Insights May 09, 2024

Design for Life?

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An Architects’ moral compass and ethical duties to serve the public are at the heart of the ARB and RIBA Standards of Conduct and Practice. The Grenfell tower disaster highlighted the importance for architects to live up to those duties and how failing to do so can have dire consequences. Moreover, that event set in motion a significant legislation change that requires clients to appoint competent designers.

Championing safety

To meet this new duty, earlier this year Khuzema signed up for the ‘Design for Life?’ course – at the London School of Architecture, drawn to it by its focus on fire, health and life safety in the design of buildings. LSA have been challenging the architectural education space since they set up a decade ago, and their new specialist ‘Part 4’ courses for mid-career architects are the kind of innovative, practice-led, education you would expect from them. Khuzema saw this as the kind of course that would challenge him, and give him useful skills to help grow the practice.

At Collective Works, Khuzema is our self-styled ‘technical guru’.  In our small practice, he is the one who is most inclined towards the construction end of the architectural process. He leads on the practical side of how buildings are put together, safety, building regulations and innovations in materials and technology, not to mention construction contracts, contract administration and legislative matters.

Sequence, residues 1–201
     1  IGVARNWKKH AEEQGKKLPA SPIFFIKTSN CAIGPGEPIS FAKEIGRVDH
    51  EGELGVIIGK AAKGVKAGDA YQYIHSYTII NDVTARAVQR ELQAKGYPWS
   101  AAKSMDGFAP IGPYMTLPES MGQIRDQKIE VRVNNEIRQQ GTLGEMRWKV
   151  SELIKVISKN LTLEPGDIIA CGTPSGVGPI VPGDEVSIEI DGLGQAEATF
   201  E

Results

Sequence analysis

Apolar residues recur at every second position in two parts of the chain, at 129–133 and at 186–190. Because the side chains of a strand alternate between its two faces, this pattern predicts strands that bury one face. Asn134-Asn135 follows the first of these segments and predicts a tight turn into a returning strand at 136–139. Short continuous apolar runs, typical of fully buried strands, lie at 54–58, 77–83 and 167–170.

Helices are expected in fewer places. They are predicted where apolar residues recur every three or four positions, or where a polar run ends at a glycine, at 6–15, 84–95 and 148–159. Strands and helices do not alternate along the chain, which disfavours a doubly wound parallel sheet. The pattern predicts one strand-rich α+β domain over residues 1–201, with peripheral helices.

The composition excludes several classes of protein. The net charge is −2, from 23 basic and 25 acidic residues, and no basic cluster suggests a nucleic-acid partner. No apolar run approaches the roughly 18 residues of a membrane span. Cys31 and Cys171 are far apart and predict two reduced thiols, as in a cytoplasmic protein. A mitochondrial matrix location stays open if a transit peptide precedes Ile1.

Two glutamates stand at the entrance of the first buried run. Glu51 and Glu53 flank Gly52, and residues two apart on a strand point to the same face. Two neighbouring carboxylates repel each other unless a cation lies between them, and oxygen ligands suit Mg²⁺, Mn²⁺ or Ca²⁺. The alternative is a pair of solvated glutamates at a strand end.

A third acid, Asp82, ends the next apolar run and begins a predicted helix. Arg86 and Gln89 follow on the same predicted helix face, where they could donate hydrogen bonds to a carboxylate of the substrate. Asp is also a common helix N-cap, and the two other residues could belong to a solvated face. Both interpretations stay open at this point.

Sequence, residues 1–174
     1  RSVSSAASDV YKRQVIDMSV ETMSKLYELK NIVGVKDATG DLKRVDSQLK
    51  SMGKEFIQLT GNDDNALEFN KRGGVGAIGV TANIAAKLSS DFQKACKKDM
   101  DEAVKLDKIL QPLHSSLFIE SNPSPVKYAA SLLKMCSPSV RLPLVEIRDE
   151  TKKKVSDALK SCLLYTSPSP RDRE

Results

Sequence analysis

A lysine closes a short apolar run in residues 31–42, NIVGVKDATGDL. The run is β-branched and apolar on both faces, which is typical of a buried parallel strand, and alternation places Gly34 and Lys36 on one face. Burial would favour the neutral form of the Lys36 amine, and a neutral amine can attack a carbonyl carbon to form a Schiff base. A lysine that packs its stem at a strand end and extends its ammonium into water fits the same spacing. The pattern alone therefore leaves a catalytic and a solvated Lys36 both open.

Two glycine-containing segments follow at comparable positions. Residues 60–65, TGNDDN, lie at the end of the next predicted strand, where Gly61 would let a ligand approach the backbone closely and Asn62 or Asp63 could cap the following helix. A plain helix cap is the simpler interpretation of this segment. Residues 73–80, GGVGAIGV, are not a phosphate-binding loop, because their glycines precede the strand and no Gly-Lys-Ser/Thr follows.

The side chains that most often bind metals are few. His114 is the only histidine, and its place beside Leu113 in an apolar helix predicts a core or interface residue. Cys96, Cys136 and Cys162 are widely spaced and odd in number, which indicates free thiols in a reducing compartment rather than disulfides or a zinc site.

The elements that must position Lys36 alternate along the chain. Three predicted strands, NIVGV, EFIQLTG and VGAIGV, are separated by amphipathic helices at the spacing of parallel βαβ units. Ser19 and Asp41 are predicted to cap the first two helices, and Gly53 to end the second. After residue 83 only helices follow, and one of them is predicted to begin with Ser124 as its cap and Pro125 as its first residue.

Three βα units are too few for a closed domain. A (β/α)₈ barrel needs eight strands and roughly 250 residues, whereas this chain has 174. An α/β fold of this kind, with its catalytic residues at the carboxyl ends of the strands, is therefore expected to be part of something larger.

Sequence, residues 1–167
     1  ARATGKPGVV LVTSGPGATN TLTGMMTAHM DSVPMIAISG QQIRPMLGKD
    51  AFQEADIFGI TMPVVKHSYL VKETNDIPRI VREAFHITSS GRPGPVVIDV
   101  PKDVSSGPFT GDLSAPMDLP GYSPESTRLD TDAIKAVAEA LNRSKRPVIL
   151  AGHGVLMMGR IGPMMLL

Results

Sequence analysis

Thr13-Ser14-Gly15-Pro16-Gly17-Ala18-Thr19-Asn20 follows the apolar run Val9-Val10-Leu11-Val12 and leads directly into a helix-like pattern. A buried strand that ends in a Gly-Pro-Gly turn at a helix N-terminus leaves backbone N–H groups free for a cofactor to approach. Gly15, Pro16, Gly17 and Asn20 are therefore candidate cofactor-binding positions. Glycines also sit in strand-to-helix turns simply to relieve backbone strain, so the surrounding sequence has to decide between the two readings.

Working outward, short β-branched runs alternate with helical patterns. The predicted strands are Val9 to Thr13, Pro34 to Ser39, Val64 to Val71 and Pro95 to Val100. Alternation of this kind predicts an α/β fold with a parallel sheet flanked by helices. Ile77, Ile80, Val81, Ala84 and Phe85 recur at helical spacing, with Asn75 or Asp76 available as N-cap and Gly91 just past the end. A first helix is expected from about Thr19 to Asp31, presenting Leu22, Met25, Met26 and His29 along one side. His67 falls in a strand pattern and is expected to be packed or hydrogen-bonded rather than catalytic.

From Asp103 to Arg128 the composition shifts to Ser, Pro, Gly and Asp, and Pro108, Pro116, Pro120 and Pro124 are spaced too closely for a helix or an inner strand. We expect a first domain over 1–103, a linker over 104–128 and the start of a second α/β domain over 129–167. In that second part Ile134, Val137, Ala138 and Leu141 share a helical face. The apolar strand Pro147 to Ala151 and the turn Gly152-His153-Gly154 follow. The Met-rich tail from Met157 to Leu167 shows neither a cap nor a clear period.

In the wake of the Grenfell disaster, and with the role of Principal Designer currently on everyone’s lips, this qualification is empowering Khuzema to be a real technical champion and leader on safety within the practice. 

Beyond CPD

We have an internal CPD programme – where the whole practice comes together to go into detail on specific subjects that are relevant to our practice –  in which we had spent time talking about the implications of the Grenfell fire, and already gone through the legislative changes that have brought in the formal PD role and what it means for our practice, our clients and their projects. 

More than a CPD session though, the Part 4 Design for Life course allowed Khuzema to participate in an extended academic setting while continuing to be a practitioner. The modular approach, over six Friday afternoon classroom sessions and a flexible approach to coursework and reading fitted in with professional practice and family life. 

Led by Liam Ross and experts from across the construction industry, it took the form of a series of design problems, which raised pertinent questions. With a limited intake of around 40 participants, this small group of experienced architects were able to use these prompts to engage with topics that included building regulations, economic consequences of safety concerns, how insurance shapes design, material certification, detailing for safety and how to ensure any concerns of the building user are heard.  With guest speakers and often conflicting opinions, the classroom was a useful sandbox to learn to find solutions and strategies and for approaching them in an open and safe forum. 

Khuzema said “Exchanging experience and outlooks was key to the course, allowing us to come to our own conclusions and explore issues in our own time as well as during the Friday afternoon learning sessions.”

If you are looking for an architect that is not only a competent Principal Designer but also versed in designing a resilient building that can support the productivity of your organisation, Collective Works are well-placed to help.

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